The gist: Long talked-about and now finally scheduled, this series follows a group of seven gas station employees who win the New York Lotto jackpot and hope the money will solve, or at least alleviate, all their problems.
Gut reaction: I’m always happy when networks green-light dramas about plausible human beings living real-seeming lives that don’t involve killing or arresting people. But these same shows often fail because they lack those generic hooks. Fingers crossed. I wonder how many people will play the show’s premiere date as their Lotto numbers.
Marvel’s Agents of S.H.I.E.L.D.
The gist: The extended Marvel universe as laid out in numerous recent features expands to network TV, with Clark Gregg’s Agent Phil Coulson returning from the dead in The Avengers (hey, it’s comics!) to lead a team of super-agents investigating cases of superheroism and supervillainy that “the agency hasn’t classified yet.”
Gut reaction: The big-budget superhero drama hasn’t really caught fire on network TV since, well, ever — although more modest, even cheapo efforts like the CW’s Arrow and the seventies The Incredible Hulk did all right. This one will likely run into the same problem that felled Heroes and The Cape: Network TV can’t match the production values of theatrical blockbusters, the character nuances of niche cable genre series, or the near-total artistic freedom of comics printed on paper, so what’s the point?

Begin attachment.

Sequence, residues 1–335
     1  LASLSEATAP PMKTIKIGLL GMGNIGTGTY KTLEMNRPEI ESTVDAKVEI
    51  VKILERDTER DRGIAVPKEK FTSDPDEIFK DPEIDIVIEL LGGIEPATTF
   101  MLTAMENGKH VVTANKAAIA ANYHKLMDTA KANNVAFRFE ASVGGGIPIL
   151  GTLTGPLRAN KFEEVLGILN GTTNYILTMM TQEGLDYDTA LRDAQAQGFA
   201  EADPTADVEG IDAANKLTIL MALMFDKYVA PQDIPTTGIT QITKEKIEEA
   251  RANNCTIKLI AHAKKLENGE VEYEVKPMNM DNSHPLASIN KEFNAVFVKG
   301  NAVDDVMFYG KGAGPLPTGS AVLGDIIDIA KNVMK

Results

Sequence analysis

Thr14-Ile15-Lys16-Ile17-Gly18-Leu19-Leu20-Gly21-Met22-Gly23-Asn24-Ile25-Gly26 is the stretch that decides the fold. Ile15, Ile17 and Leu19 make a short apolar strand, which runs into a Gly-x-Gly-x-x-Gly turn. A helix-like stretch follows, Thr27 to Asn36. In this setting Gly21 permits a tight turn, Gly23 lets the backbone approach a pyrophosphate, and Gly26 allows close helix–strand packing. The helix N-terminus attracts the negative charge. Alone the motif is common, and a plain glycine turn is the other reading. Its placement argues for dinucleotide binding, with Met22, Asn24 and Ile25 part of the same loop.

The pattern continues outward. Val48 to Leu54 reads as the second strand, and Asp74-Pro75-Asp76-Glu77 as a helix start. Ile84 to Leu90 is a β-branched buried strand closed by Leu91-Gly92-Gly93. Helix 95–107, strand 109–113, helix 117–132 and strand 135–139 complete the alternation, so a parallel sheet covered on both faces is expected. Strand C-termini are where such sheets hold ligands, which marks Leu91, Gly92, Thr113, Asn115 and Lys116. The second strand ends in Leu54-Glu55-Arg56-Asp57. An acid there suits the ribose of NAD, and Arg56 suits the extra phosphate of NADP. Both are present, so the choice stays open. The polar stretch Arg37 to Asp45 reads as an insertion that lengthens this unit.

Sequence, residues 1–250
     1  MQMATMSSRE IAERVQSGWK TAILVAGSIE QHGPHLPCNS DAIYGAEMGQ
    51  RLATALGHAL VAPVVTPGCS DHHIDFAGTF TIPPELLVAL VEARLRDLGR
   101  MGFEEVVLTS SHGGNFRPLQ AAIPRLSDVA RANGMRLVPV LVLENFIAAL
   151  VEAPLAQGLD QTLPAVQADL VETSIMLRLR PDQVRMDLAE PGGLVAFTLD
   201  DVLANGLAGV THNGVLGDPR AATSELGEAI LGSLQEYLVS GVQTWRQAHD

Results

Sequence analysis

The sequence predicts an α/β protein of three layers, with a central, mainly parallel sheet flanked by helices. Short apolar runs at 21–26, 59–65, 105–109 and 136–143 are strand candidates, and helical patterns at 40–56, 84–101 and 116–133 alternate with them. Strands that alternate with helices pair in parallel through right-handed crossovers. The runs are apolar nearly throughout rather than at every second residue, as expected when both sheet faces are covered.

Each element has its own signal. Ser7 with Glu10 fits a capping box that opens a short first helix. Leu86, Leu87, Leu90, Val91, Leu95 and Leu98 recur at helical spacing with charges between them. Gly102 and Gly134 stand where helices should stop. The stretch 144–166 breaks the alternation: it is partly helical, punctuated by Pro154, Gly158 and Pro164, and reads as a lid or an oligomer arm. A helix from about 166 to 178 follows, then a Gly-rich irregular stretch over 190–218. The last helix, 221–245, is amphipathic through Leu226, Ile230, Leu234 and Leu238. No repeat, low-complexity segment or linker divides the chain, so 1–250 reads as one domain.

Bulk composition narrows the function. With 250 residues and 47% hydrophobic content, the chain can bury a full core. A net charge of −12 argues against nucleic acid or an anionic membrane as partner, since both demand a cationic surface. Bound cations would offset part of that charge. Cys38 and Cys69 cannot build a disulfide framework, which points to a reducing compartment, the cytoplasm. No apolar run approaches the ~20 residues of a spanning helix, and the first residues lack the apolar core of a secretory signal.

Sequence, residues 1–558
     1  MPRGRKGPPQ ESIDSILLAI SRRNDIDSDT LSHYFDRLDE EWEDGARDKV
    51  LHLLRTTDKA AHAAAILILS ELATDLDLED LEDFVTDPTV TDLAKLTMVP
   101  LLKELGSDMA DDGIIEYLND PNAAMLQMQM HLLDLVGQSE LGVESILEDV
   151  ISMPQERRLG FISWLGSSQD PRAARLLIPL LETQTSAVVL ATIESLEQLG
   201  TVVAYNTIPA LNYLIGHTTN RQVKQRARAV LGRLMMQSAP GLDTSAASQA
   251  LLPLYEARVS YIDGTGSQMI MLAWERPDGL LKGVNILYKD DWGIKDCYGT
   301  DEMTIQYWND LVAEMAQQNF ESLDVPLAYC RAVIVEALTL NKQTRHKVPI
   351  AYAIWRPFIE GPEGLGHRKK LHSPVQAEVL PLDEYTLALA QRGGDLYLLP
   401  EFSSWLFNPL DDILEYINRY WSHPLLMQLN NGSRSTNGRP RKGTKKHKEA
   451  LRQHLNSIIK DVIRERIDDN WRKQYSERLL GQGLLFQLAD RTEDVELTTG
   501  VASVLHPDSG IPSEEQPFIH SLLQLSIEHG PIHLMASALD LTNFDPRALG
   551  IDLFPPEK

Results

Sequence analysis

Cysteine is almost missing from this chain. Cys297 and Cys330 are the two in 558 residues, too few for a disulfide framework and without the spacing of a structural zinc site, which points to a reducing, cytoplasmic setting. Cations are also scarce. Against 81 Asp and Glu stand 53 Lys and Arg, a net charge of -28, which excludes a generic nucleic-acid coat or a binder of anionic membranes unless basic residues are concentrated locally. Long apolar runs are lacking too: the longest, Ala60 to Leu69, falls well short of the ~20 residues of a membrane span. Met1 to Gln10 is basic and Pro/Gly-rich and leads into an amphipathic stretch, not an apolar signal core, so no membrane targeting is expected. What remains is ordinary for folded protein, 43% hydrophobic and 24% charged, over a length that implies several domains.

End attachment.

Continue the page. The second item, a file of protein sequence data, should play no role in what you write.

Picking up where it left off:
Once Upon a Time in Wonderland
The gist: Alice (Sophie Lowe) is in a Victorian asylum being treated for her “hallucinations” of a world that she glimpsed on the other end of a rabbit hole. Alternating fantasy world/real world intrigue in the manner of its network predecessor, Once Upon a Time, the show sends Alice back to Wonderland in the company of the Knave of Hearts (Michael Socha) and the White Rabbit (John Lithgow, in one of many roles he was seemingly born to play).
Gut reaction: It’s hard to imagine that this show won’t at least be a modest success that runs a year or two. It’s offering fans of the beloved Once Upon a Time something similar but different.
Super Fun Night
The gist: Best friends Kimmie (Rebel Wilson of Bridesmaids), Helen-Alice (Liza Lapira), and Marika (Lauren Ash) have hung out together every Friday for thirteen years, but always in private. When Kimmie gets invited to a trendy club by her dashing British boss, the trio has to step into the wider world. Social awkwardness and SNL-styled slapstick result.
Gut reaction: Props to all involved for bringing the pratfalls, goofy faces, and Fletch-style, wouldn’t-fool-a-toddler lies, but after the kickoff, where does the show go? Like a lot of promo reels, the one for this show seems to advertise a one-and-done feature film.
The gist: Malin Akerman plays the third wife of Bradley Whitford. She’s a longtime party girl who suddenly finds herself inheriting a family and having to be “responsible,” i.e, domesticated, and learn to like it. “You’re not even a real grown-up,” one of her new kids chastises her. “Your car is full of garbage and shoes.”
Gut reaction: Should’ve been a movie.